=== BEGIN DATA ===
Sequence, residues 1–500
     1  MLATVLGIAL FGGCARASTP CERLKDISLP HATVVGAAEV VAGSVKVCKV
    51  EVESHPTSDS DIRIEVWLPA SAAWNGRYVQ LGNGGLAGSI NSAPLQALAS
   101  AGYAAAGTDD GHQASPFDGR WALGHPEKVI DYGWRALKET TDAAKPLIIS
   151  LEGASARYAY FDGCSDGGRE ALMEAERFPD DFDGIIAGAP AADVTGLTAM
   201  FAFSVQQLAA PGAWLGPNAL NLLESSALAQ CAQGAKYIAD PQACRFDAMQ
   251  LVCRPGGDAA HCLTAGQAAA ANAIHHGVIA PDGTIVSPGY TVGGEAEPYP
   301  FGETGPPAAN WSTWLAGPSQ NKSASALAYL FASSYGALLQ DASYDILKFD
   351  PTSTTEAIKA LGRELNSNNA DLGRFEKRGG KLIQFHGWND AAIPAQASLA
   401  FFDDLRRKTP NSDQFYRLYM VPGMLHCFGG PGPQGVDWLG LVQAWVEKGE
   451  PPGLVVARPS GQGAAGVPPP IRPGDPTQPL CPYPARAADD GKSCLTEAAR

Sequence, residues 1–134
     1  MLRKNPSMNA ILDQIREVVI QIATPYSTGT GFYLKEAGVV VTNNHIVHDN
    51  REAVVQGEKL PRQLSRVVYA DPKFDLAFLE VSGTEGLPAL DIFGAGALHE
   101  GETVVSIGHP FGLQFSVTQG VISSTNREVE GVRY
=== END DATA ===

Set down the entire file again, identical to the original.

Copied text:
Sequence, residues 1–500
     1  MLATVLGIAL FGGCARASTP CERLKDISLP HATVVGAAEV VAGSVKVCKV
    51  EVESHPTSDS DIRIEVWLPA SAAWNGRYVQ LGNGGLAGSI NSAPLQALAS
   101  AGYAAAGTDD GHQASPFDGR WALGHPEKVI DYGWRALKET TDAAKPLIIS
   151  LEGASARYAY FDGCSDGGRE ALMEAERFPD DFDGIIAGAP AADVTGLTAM
   201  FAFSVQQLAA PGAWLGPNAL NLLESSALAQ CAQGAKYIAD PQACRFDAMQ
   251  LVCRPGGDAA HCLTAGQAAA ANAIHHGVIA PDGTIVSPGY TVGGEAEPYP
   301  FGETGPPAAN WSTWLAGPSQ NKSASALAYL FASSYGALLQ DASYDILKFD
   351  PTSTTEAIKA LGRELNSNNA DLGRFEKRGG KLIQFHGWND AAIPAQASLA
   401  FFDDLRRKTP NSDQFYRLYM VPGMLHCFGG PGPQGVDWLG LVQAWVEKGE
   451  PPGLVVARPS GQGAAGVPPP IRPGDPTQPL CPYPARAADD GKSCLTEAAR

Sequence, residues 1–134
     1  MLRKNPSMNA ILDQIREVVI QIATPYSTGT GFYLKEAGVV VTNNHIVHDN
    51  REAVVQGEKL PRQLSRVVYA DPKFDLAFLE VSGTEGLPAL DIFGAGALHE
   101  GETVVSIGHP FGLQFSVTQG VISSTNREVE GVRY